One of my favorite parts about breads – especially homemade bread – is the crispy crust that forms in the oven, but a crispy-crust bread isn’t always ideal for all applications. Sandwiches and hamburgers, for instance, usually do better with something a little softer. I love my standard hamburger bun recipes, but lately, I’ve been on a bit of a mission to come up with a new recipe for soft sandwich rolls that keep well and don’t involve a ton of fat (since, if I wanted my sandwich on challah or brioche, I could always just go with that to begin with).
I decided to experiment with yogurt in my bread because it often contributes a nice tenderness to baked goods. It didn’t take long for me to realize that yogurt was a very good idea. The rolls turned out to be soft and moist on the inside, with a soft crust – a classic sandwich roll-type crust that is easy to bite into and doesn’t shatter into a million crumbs with each bite. The crumb of the bread is open enough to soak up juice from, say, a nice piece of hot roast beef, but is sturdy enough to hold your average cold sandwich – with mayo and mustard – for hours without getting soggy. They have a very mild, slightly sweet flavor that will go with any filling you might come up with.
I feel that I should also note that there is no dairy in these rolls other than the yogurt, and this makes them a great choice if you (or the person you’re baking for) are lactose intolerant. The bacteria used to turn milk to yogurt feed off lactose, so it shouldn’t upset any stomachs, while still giving you the soft texture and nice flavor of your average made-with-butter-and-milk soft sandwich roll.
The amount of flour you need will depend completely on how thick your yogurt is, so don’t worry if you don’t use the exact amount I’ve specified below. I used my go-to yogurt of choice: a thick, nonfat, Greek-style yogurt. It is about 50% thicker thick than your average plain yogurt and has a nice tang to it. The tanginess doesn’t really translate straight to the rolls, much like using buttermilk in a bread or cake doesn’t leave you with the sharp tang of buttermilk – however, both add tenderness to the finished products.
The rolls can be cut in half to make dinner rolls, too. You will probably have to cut the baking time down by 5 minutes if you chose to go this route. Fortunately color is a reliable indicator of doneness for these, so just take a peek in the oven every now and again and you should be fine. The rolls will keep for a couple of days when stored in an airtight container, so if you bake a batch on Sunday, they should still be just fine for sandwiches on Tuesday or Wednesday. I can’t guarantee they’ll last that long, since they’re also excellent with butter and jam and make a nice addition to breakfast, as well.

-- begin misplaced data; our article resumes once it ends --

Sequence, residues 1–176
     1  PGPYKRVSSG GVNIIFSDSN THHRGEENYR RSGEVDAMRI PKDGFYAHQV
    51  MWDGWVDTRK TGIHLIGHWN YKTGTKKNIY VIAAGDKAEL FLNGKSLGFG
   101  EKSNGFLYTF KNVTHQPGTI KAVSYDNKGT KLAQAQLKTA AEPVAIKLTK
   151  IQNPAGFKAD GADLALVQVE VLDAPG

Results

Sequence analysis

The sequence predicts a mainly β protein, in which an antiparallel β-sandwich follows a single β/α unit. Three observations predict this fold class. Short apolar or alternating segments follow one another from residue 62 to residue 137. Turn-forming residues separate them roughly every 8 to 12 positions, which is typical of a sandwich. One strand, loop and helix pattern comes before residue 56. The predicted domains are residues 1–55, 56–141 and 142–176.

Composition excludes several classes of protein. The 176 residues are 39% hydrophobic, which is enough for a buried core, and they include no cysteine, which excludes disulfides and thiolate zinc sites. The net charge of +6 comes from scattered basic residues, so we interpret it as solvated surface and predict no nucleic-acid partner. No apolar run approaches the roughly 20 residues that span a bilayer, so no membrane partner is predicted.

Soft Yogurt Sandwich Rolls
3 1/2 – 4 1/2 cups all purpose flour
1 tbsp active dry yeast
3 tbsp honey
1 cup water, warm (100-110F)
1 cup yogurt (nonfat/lowfat is fine; I used Greek-style)
1 tbsp vegetable oil
1 1/2 tsp salt
In a large mixing bowl, combine 1/2 cup flour, the active dry yeast, the honey and the warm water. Stir well and let sit for 10 minutes, until slightly foamy.
Stir in yogurt, vegetable oil, salt and 2 cups of the remaining flour. Gradually stir in more flour until you have a soft dough that sticks together pulls away from the sides of the bowl (This can all be done in a stand mixer with the dough-hook attached, as well).
Turn out dough onto a lightly floured surface and knead, adding additional flour if necessary to prevent sticking, until dough is smooth and elastic, or about 5 minutes. Place in a lightly greased bowl, cover with plastic wrap and let rise for 1 hour or until doubled in size.
Preheat oven to 375F. Line a baking sheet with parchment paper.
Turn risen dough out of bowl and onto a lightly floured surface. Gently deflate, pressing into a rectangle. Divide dough into 10 even pieces with a board scraper or a pizza cutter. Shape each piece into a round roll. To do this, take all the corners of one of the squarish pieces you just cut and pull them together, pinching them to create a seal. This will pull the rest of the dough “tight” across the top of your roll, giving you a smooth top. Place on prepared baking sheet. Repeat with remaining dough.
Once all rolls have been formed, press down firmly on each one to flatten. Cover with a clean dish towel and let rise for 25 minutes.
Bake for about 20 minutes, until rolls are deep golden on the top and the bottom.
Cool on a wire rack.
Store in an airtight container.
Makes 10 rolls.